Hint: given the topic of this post see if you can resist hitting any links until you get to the bottom of the post
I keep an iPad and several books by my bed. I like to throw in a few minutes of study before I go to bed. I pick something interesting yet not totally stimulating. I find that two pages of a book in Japanese are enough to push mind a little forward and also overwhelm me and help me to sleep. I also like to follow Japanese lessons on japanesepod101.com. The information is useful, the grammar lesson are great but after fifteen minutes of reading a pdf or listening to a dialogue, I’m ready to drift into la-la land.
Driven to Distraction
But the iPad is a little dangerous. I can check my lessons there or follow Japanese links. But the pretty little Facebook button calls and I have to just check it for a little bit. Maybe there is a fascinating (or not) link to an article, and then I’m gone. What was my intention? What happened to my time?
Going Old School
I’m not abandoning my electronic toys. The convenience and tools are just too elegant and fun. These days I am enjoying reading about daruma, these funky Japanese dolls that are actually based on the story one of the founders of Zen in Japan. I love that I can read the wikipedia page that’s loaded on to my iPhone. I love that I can tap on to a Japanese word and get a definition.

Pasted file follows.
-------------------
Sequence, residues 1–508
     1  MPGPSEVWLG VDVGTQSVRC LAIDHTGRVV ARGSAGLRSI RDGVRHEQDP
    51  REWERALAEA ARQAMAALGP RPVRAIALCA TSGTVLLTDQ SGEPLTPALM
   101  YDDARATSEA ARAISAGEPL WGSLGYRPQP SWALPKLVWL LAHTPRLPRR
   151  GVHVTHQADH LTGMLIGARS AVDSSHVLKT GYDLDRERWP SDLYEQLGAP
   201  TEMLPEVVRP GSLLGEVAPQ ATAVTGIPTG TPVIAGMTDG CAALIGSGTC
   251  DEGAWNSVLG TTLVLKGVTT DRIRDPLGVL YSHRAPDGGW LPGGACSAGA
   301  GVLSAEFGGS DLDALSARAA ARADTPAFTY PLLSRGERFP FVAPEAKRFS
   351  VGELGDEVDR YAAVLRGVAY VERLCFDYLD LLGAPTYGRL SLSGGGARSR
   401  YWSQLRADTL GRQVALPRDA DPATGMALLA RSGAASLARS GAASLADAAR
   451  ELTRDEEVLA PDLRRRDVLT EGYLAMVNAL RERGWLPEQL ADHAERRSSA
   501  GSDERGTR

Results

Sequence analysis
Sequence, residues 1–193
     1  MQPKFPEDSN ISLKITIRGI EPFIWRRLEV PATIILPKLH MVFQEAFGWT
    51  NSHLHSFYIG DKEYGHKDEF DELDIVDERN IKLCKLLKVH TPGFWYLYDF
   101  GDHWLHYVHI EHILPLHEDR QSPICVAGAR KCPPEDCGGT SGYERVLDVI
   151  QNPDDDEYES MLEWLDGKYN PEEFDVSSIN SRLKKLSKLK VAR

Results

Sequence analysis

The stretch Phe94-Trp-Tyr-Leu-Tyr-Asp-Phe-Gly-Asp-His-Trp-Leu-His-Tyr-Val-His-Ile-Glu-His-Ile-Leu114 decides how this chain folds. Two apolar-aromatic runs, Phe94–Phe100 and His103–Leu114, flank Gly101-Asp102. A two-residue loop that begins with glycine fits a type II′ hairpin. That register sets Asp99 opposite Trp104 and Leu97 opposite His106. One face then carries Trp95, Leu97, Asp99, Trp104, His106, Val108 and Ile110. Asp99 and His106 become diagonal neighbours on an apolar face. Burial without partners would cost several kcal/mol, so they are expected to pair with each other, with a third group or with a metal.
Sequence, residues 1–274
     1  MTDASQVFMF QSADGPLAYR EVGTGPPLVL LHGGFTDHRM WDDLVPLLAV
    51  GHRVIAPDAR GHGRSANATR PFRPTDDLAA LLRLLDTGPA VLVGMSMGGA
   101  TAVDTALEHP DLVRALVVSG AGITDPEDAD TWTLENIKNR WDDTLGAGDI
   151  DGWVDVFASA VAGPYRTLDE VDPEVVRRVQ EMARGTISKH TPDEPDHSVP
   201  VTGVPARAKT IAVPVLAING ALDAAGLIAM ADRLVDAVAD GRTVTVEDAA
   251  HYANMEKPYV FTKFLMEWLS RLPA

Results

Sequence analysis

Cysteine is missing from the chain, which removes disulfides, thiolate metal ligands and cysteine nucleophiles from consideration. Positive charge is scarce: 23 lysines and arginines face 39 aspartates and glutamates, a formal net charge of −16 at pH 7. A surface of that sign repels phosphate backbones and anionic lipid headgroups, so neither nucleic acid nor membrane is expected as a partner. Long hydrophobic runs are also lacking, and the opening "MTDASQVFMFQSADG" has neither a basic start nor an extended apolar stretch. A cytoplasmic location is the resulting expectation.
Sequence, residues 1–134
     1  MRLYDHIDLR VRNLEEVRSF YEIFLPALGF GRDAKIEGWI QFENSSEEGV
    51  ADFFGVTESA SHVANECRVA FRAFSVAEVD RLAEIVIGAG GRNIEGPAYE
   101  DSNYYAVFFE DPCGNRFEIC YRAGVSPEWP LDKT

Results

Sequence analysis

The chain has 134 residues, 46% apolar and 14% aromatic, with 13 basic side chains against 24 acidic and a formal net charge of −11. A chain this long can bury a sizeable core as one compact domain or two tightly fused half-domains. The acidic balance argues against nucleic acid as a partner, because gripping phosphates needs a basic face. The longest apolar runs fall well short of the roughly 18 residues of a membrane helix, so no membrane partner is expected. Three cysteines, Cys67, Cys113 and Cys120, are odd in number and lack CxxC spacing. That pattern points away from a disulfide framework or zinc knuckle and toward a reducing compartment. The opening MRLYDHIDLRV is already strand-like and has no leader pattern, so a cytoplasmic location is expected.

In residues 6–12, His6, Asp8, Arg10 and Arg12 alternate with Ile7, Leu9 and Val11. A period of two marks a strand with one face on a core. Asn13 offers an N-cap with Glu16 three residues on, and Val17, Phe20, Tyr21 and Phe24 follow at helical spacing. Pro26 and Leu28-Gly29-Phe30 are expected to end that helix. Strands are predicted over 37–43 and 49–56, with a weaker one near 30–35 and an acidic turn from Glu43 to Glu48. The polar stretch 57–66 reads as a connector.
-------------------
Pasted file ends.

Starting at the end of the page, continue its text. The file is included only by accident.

But I’ve noticed these tools can turn into toys that encourage your “monkey mind.” I’m not a Buddhist, but I play one on the internet. 🙂 “Monkey mind” means that you grab at whatever catches your attention in the moment. One moment you are eating a banana and the next moment you are picking bugs out of your friend’s fur in a tree. One moment you are setting out to study Japanese Zen schools of thought and then the next moment you are listening to “Tied to the Whipping Post” on Youtube.
You don’t have to spank your monkey mind. Exploring, goofing off, wandering aimlessly all have valuable roles to play. But lately, if I find my self too iDistracted I resort to the following:
- Read a book. There are very few apps on a book. Follow one mind. If you “have no time” take five minutes a day to read. Skip over parts that don’t interest you. I just pulled out Marius B. Jansen’s The Making of Modern Japan. 800 pages. So far. So Sekihagara good.
- Write in and review your samurai notebook. Follow your own mind for a while. What are your thoughts, plans, goals, noticings? Review your notebook and enjoy. Even if your notebook is filled with interesting quotes from other people they are your gatherings. Reviewing your notebook reminds you of where your mind has been. It anchors you.
- [Practice what you preach alert] Meditate.
Well, if you made it to the bottom of this post it means you got past the iDistraction and “monkey mind.” Congratulations. Gotta go see my friend about a banana, his fur, and something about a whipping post.